Environmental and Health Crises Threaten China’s Rise, Warns Yanzhong Huang in New Book

October 22, 2020

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“China’s environmental health crisis is perhaps the most important litmus test for the resilience of the Chinese state,” argues Council on Foreign (CFR) Senior Fellow for Global Health Yanzhong Huang in Toxic Politics: China’s Environmental Health Crisis and Its Challenge to the Chinese State. “If the government fails to address the crisis effectively, growing public frustration over a worsening environment may evolve into a larger sociopolitical crisis that threatens the very survival of China’s political regime.”

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As China continues to reel from the effects of the COVID-19 pandemic, Huang points to a deeper and more systemic health crisis caused by China’s rapid modernization and industrialization, and explains how it raises doubts about China’s effort to assume the mantle of global leadership.

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“Worldwide, one-sixth of all deaths are linked to pollution,” Huang notes. It is estimated that “80 percent of Chinese citizens are regularly exposed to pollution levels much higher than those considered safe by the U.S. Environmental Protection Agency.”

“The crisis and government response reveal a Chinese state whose political system is both resilient and fragile, and that the China model does not constitute a viable alternative to liberal democracy,” Huang writes. “What we are likely going to witness is a faltering China that is perhaps more dangerous than a rising one. In that sense, the environmental crisis could be the Achilles heel of modern China.”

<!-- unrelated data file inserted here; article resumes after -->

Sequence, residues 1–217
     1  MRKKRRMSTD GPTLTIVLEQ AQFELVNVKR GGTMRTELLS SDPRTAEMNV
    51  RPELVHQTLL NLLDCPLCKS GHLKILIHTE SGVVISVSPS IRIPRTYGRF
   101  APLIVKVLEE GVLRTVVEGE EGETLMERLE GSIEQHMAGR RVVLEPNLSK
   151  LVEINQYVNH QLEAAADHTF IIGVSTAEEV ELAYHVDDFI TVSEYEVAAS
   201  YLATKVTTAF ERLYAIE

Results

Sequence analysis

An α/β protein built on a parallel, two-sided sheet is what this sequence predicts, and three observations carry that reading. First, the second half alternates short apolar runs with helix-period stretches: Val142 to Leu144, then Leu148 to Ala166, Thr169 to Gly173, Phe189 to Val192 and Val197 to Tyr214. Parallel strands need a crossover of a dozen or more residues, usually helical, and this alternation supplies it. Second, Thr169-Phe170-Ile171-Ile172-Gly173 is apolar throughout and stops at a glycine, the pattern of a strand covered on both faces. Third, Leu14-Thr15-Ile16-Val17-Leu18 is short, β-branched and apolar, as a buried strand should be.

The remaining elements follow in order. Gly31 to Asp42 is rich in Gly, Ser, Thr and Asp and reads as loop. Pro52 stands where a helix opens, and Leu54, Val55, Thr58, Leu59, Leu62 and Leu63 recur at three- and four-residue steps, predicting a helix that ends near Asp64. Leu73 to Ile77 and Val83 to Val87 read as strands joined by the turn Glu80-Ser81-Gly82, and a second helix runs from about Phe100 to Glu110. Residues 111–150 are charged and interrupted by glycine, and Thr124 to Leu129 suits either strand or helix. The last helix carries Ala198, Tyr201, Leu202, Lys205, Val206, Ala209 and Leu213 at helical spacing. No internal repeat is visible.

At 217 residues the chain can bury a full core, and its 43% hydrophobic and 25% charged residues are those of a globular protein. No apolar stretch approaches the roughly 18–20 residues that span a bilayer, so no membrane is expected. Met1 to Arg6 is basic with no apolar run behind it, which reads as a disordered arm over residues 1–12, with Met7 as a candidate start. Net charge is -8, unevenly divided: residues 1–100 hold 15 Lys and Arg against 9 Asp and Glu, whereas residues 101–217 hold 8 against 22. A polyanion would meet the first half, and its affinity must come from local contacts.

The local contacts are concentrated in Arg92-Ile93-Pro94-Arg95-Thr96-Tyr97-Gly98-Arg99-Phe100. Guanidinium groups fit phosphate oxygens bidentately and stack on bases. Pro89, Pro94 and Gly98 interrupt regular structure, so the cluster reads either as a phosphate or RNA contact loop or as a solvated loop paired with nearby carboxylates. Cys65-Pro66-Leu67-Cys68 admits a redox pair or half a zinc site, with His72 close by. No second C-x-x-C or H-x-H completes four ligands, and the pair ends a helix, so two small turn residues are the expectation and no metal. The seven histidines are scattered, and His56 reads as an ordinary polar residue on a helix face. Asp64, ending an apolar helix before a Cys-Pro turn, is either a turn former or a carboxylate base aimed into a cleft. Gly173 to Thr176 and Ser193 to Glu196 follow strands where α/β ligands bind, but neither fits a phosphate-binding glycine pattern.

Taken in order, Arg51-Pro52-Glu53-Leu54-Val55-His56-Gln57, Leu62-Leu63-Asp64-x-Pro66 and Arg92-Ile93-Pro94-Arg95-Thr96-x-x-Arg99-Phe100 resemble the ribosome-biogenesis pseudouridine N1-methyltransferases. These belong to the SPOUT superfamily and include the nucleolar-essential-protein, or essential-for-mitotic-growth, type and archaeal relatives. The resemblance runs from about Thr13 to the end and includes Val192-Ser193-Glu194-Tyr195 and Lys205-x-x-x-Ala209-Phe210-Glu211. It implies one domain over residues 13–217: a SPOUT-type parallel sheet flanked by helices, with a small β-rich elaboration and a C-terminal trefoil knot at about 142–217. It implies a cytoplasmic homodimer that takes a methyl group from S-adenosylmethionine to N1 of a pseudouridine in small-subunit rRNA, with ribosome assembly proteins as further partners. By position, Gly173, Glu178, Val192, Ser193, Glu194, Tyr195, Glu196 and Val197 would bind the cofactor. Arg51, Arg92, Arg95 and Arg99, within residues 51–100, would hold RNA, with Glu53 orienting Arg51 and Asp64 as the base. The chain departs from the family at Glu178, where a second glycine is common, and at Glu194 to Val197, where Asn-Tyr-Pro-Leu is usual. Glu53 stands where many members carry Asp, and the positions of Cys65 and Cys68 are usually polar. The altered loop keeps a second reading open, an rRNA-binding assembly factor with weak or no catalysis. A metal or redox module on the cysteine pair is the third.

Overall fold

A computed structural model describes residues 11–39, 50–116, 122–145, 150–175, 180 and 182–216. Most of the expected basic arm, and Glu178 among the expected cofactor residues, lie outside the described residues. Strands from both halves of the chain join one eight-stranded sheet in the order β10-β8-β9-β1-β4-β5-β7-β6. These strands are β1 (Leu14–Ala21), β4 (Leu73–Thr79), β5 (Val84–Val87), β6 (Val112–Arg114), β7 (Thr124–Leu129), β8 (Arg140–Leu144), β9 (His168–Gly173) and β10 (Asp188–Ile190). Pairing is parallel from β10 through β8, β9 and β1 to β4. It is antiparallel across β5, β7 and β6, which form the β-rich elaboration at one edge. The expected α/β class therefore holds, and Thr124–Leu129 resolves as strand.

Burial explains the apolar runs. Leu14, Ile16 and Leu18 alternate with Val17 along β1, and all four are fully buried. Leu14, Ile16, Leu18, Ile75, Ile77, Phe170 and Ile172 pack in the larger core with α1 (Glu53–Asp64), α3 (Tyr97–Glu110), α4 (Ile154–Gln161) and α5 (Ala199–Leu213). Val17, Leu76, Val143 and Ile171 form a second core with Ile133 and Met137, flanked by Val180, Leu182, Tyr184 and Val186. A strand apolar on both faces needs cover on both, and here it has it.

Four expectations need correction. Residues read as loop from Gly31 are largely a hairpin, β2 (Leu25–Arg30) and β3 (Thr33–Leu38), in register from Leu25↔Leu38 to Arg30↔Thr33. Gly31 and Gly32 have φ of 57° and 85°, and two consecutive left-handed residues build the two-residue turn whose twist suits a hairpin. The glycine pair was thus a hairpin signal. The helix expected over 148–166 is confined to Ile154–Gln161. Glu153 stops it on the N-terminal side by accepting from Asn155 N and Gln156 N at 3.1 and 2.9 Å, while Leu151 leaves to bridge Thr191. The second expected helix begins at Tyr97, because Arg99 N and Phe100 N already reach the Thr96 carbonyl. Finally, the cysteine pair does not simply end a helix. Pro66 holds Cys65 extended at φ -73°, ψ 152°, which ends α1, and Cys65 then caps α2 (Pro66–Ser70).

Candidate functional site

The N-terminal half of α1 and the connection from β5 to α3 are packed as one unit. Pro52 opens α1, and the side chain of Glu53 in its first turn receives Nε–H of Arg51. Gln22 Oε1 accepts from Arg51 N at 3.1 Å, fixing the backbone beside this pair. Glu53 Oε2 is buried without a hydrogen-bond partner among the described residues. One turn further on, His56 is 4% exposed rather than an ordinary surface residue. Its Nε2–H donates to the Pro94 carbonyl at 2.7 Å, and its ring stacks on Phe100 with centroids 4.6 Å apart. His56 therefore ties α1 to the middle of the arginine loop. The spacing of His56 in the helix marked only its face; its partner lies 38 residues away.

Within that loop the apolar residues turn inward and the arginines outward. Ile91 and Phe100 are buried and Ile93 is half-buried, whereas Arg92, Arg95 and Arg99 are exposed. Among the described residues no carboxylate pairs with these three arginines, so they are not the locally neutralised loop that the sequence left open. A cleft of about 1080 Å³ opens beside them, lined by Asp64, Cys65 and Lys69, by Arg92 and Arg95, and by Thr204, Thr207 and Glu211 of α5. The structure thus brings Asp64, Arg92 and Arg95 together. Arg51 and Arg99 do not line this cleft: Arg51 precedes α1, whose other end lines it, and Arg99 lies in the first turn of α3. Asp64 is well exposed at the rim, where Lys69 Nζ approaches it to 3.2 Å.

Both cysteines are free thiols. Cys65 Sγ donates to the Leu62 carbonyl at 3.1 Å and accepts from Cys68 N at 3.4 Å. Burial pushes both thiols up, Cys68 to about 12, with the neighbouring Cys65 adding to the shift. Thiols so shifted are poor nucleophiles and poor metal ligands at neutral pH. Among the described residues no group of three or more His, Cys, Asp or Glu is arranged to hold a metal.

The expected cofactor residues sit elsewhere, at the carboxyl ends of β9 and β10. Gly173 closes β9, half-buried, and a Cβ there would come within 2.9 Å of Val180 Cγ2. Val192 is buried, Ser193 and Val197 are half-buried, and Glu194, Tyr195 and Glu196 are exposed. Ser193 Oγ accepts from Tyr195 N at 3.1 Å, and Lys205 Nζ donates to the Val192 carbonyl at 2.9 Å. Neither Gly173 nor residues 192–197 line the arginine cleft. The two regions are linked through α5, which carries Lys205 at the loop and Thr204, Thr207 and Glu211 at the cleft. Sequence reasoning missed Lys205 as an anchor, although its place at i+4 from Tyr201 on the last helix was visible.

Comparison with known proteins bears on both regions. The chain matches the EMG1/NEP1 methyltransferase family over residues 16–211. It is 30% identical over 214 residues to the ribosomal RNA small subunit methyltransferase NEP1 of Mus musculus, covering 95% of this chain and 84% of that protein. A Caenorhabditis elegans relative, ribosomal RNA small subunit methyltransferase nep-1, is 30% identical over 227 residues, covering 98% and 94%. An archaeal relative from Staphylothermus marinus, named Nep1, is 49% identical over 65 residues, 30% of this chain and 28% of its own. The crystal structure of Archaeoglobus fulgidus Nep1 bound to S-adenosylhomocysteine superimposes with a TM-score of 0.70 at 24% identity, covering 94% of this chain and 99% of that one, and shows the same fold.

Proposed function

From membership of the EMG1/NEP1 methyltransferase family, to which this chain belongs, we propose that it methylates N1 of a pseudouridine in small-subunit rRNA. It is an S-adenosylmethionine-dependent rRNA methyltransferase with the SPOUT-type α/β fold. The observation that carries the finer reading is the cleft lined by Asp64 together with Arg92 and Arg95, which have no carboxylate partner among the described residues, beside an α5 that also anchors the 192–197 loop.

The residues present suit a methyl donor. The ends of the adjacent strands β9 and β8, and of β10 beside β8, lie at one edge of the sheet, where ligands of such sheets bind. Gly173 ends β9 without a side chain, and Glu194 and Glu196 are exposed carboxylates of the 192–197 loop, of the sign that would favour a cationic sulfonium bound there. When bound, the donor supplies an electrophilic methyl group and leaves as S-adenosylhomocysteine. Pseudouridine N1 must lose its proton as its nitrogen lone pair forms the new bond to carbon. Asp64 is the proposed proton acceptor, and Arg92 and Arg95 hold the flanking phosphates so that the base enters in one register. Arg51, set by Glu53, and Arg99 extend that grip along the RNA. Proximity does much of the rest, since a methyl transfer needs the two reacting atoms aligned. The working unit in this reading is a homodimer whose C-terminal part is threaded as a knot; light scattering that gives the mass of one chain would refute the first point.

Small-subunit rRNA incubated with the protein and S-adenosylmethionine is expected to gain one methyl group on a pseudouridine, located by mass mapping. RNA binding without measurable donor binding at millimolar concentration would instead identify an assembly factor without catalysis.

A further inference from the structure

Huang’s book provides a comprehensive overview of “the economic cost of environmental health problems, the crisis’ impact on China’s social-political stability, as well as the implications for China’s foreign policy.” The book examines Beijing’s response to the crisis, and challenges the widely held view that China is winning its war on pollution.

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Huang identifies five areas in which “the environmental health crisis so seriously hinders China’s rise”:

  • “The people in China are more adversely affected by environmental degradation than those of almost any other country. . . . China cannot regain its greatness in the world if its people continue to breathe polluted air, drink toxic water, and eat tainted food.”
  • “China’s economy, for all its rapid growth, has been harmed by pollution. . . . The ensuing economic slowdown increases the likelihood China will slip into the middle-income trap, which occurs when a country makes significant gains in reducing poverty and building prosperity but then falters in achieving a fully developed status equal to advanced industrial economies.”
  • “Environmental health problems threaten sociopolitical stability by fueling widespread dissatisfaction and frustration among the populace, a breeding ground for mass protests directed at the state.”